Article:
[EDITORIALS]A needed change in taxation

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[EDITORIALS]A needed change in taxation

The government’s assessed valuations of some 135,000 independent houses, which will provide the standards for the assessment of 4.5 million houses for tax purposes nationwide, have been made public, a first for Korea. Following the example of apartments, a systematic standard for assessing the value of independent housing units is being set. Once its effects settle in the market, imbalances in taxation due to failures to reflect market prices are expected to be greatly reduced. Under the new system, there may be property tax increases, but that is unavoidable if market prices are to be reflected in tax assessments.
Despite its positive aspects, the new measure is expected to face considerable tax potests. First of all, taxes on property transactions, such as capital gains and registration taxes, will increase drastically. As the standard for taxing real estate sales rises from 30 to 40 percent of market price to 80 percent, the overall tax burden will increase two to four times more than that of last year, even if the registration tax is lowered. Taxes will go up not only for owners of high-priced housing units in Seoul, but for common people in the provinces. This means that independent houses, already an unpopular housing choice, will become even more so.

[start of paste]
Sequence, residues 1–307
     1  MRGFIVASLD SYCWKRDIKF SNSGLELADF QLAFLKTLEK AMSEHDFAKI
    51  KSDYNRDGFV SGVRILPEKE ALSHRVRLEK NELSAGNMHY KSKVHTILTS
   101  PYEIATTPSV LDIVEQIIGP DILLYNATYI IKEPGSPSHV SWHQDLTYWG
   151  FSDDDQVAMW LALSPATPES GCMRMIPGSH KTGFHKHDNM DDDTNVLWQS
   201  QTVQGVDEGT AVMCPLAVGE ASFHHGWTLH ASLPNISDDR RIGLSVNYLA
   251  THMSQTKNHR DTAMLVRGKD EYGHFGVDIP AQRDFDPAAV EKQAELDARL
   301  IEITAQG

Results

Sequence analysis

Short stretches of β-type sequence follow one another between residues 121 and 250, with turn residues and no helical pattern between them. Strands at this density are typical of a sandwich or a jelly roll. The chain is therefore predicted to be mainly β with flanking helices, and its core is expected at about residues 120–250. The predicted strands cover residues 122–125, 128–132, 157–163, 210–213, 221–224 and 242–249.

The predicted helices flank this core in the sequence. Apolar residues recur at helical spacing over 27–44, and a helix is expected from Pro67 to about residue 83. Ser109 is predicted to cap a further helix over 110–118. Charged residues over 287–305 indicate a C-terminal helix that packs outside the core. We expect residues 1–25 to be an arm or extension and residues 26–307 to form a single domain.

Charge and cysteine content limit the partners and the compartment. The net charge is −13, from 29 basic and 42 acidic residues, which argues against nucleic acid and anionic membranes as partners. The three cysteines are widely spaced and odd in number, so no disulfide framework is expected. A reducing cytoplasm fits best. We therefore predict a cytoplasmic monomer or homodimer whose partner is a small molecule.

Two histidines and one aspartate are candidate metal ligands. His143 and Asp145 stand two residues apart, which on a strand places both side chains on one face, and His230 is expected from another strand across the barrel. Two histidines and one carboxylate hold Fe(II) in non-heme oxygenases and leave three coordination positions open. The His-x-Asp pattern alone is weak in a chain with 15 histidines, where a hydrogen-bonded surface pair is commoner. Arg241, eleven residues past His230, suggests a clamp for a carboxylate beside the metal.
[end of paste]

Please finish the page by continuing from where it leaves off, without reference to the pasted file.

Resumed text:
To stabilize prices, the government must encourage owners of more than two houses to sell their extra units and stimulate the market. The new measure, however, makes it impossible to sell even if one wants to. Not only for the real estate market, but for the overall economic recovery, this is a vital blow. Nor does it conform to the original goal of lowering taxes on transactions while raising them on possession. We have to give the real estate market breathing space. To do so, we have to reduce the burden on sales. Compared to apartments or land, the factors that determine the prices of independent houses are much more complicated. Though the government limits this year’s possession tax to less than half of last year’s, there will be a rush of objections from taxpayers.
Stabilizing the real estate market and maintaining a balance in taxation are necessary. But they should not be pursued to penalize the rich. Excessive tax burdens will soon bring tax protests. Moreover, the government should not delay an economic revival, which would hurt the common people. Making assessed housing valuations public will work once these problems are addressed.
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